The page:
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And Sarah Laughed

 

This week’s d’var Torah on parashat Vayera and the meaning of laughter. With gratitude to Rabbi Adam Lavitt for his teaching on ednah in this week’s Creative Commentary Class for the Jewish Studio Project.

וַתִּצְחַ֥ק שָׂרָ֖ה בְּקִרְבָּ֣הּ לֵאמֹ֑ר אַחֲרֵ֤י בְלֹתִי֙ הָֽיְתָה־לִּ֣י עֶדְנָ֔ה וַֽאדֹנִ֖י זָקֵֽן׃

And Sarah laughed to herself, saying, “Now that I am withered, am I to have enjoyment—with my husband so old?” (Genesis 18:12).

Though I don’t visit my niece and nephew every week, the blessing of technology allows me to keep close tabs on their development. And every so often, their parents send me a video that I can’t stop watching.

Recently, there was one of Amma saying, “Thank you, Tante!” for her Halloween costume, dressed as a Rockford Peach. There is one of Milo, swaddled within an inch of his life, shaking his head from side-to-side as his mother asks, off-camera, “Are you going to sleep?” and then uttering a sound that perfectly imitates the word, “No.”

But my current favorite, the one I will subject you to if you are foolish enough to ask how my niece and nephew are doing, is of my mother singing to Milo. He’s sitting in his bouncy baby seat as my mom croons, “But I can’t help falling in love with you.”

Like most babies, Milo was grouchy for the first few weeks of his life. Mostly we’ve only seen him sleep (or not sleep), eat, furiously suck a pacifier while not eating, and cry. At almost three months old, he is starting to smile. It’s lovely.

In the video, as my mother finishes a verse, Milo lets out a triumphant giggle, if not his first, then his first recorded on video. It is a miracle. It one of the first communications he has made that is not an expression of need.

But the best part is what happens next. My mother lets out her own joyful laugh, exclaiming, “He laughed!!!” Their eyes lock, and she starts singing the next verse. He opens his mouth wide and yells excitedly, matching her pitch exactly.

I was thinking of this as I read this week’s parasha, Vayera, which tells the story of Isaac’s miraculous birth to the nonagenarians Abraham and Sarah. When an angel announces to the couple that they will welcome a child in the coming year, they both respond the same way, with laughter. While Abraham falls on his face laughing (Gen. 17:7), we read that Sarah “laughed to herself, saying, ‘Now that I am worn out, am I to have pleasure—with my husband so old?’” The word vatitzchak, and she laughed, becomes the root of the name of her son, Yitzchak.

The rabbis argue over the reason for her laughter. Rashi says laughing b’kirbah “within herself,” means she was laughing at the withered state of her internal organs. Hizkuni says she was laughing at the prospect of giving birth in six months. And many rabbis discuss whether she was laughing at the idea of her elderly husband fathering a child.

But we might better understand Sarah’s laughter by looking closely at another word in the verse, ednah, which means pleasure or delight. This word only appears once in the TaNaKh, and it has many interpretations: Onkelos, an early translator of the Torah, says that ednah refers to the pleasure of having a son. The Talmud (Bava Metzia 87a) suggests that edna refers to the beauty of youth, particularly the return of Sarah’s once-supple skin. Medieval rabbi Abarbanel is a little more direct, saying that ednah refers to the pleasure of marital intimacy (which probably makes the most sense from the context). Slightly more poetic is the interpretation of Dr. Tammi J. Schneider, who points out that the word ednah is related to the word eden, the name of the primordial garden of delight (The Torah: A Women’s Commentary p. 88).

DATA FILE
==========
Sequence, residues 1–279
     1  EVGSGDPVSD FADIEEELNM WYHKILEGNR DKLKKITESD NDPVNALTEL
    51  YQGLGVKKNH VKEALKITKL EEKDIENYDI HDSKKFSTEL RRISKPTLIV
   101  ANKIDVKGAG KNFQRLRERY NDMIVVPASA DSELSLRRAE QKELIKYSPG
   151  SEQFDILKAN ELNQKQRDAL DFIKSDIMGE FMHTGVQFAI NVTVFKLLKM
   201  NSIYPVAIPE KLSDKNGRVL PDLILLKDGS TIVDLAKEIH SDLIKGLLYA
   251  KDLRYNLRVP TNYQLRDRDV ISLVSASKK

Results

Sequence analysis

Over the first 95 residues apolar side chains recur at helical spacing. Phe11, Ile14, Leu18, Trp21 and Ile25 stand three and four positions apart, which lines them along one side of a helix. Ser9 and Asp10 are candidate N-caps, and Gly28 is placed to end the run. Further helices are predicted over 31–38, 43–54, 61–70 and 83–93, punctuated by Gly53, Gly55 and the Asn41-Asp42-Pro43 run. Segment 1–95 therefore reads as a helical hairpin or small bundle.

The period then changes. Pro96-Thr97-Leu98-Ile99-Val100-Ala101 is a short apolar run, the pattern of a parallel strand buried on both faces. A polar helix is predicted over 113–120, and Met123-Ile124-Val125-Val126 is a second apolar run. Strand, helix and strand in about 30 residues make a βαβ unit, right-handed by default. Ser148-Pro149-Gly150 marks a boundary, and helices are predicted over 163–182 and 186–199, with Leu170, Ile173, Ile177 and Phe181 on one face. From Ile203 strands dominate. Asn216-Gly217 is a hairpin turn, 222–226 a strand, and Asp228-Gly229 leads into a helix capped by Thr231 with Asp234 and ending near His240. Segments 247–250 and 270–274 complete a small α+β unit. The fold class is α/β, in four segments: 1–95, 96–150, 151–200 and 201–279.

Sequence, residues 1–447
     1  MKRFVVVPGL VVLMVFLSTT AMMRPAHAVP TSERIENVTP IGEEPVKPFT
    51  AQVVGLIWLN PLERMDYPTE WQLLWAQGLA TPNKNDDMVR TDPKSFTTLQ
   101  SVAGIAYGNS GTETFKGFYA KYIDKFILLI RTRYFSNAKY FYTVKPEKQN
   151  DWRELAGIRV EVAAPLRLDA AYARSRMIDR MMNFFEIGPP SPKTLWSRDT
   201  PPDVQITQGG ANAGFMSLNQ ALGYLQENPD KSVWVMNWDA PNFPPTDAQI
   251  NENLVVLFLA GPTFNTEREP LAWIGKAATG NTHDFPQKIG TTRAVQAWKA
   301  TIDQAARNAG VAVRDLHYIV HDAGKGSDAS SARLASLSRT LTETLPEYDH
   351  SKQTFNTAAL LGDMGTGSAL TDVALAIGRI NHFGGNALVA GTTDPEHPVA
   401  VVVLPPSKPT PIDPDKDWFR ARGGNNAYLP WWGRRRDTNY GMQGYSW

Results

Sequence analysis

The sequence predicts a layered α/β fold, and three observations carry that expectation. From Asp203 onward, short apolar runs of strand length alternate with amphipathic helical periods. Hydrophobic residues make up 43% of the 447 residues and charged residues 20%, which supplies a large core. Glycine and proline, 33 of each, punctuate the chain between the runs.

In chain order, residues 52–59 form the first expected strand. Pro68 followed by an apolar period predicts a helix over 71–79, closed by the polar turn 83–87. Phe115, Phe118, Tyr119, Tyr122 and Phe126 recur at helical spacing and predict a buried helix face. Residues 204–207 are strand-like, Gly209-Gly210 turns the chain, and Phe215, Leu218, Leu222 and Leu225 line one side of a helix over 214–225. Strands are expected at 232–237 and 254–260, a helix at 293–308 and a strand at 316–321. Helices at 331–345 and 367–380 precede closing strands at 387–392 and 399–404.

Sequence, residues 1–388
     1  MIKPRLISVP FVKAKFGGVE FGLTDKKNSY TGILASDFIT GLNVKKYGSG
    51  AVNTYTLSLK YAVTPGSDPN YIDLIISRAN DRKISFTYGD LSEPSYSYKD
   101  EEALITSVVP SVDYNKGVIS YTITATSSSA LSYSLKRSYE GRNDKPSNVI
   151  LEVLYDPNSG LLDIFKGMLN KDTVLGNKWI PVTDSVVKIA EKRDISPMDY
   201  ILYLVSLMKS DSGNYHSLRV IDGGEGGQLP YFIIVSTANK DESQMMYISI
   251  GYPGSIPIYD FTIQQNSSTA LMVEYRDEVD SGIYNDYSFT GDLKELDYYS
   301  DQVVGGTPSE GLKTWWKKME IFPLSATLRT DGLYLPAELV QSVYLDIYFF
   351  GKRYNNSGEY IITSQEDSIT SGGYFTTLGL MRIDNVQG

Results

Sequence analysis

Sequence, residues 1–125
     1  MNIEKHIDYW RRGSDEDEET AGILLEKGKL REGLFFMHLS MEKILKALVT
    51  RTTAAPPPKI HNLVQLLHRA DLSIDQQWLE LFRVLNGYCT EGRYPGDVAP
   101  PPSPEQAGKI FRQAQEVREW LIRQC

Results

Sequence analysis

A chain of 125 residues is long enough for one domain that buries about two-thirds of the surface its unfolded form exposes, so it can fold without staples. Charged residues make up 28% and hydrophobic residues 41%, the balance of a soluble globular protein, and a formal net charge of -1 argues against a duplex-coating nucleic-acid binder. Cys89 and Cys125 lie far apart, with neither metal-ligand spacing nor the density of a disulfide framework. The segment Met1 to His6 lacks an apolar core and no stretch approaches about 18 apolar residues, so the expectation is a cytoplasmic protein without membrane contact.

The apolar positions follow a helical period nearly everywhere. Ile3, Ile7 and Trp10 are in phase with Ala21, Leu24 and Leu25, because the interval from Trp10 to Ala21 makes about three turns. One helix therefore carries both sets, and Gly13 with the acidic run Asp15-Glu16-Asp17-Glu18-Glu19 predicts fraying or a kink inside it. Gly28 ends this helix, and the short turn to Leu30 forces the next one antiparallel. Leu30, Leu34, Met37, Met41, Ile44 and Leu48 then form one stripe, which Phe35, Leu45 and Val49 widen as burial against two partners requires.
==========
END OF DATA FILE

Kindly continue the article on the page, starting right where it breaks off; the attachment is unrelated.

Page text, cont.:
No matter how we read it, the word ednah gives us insight into Sarah’s laughter. As old as Sarah is—and, as we have established, she is quite old—she is surprised to learn that she can still be delighted, and delighted to realize that she can still be surprised.

Her laughter contains awe and amazement, shock and disbelief. It is a bubbling over of emotions, a reaction that cannot be contained. But most of all, it is an expression of joy.

Rabbi Alan Lew once said that, “Joy is a deep release of the soul… Joy is any feeling fully felt, any experience we give our whole being to. Any moment in our life fully inhabited, immersion in the full depths of life, can be a source of deep joy.”

It brings me such delight to realize that laughter is one of the first ways we learn to communicate.

And it also brings me delight to realize that, even as we age, laughter is our first reaction to learning that life is still full of surprises. Laughter is the sound of us remembering that, even in challenging times, even after all our accumulated years and experiences, there can still be joy.

I want to close with some verses from a poem by Alicia Suskin Ostriker, who imagines Sarah’s laughter this way:

“The lines of another story, inscribed

And reinscribed like an endless chain

A proud old woman, her face desert-bitten

Has named her son: laughter

Laughter for bodily pleasure, laughter for

         old age triumph…

…among us each son and daughter

Is the child of Sarah, whom God made to laugh.”

(From “A Meditation in Seven Days,” excerpted in The Torah: A Women’s Commentary, p. 109).

 

Rabbi Leah R. Berkowitz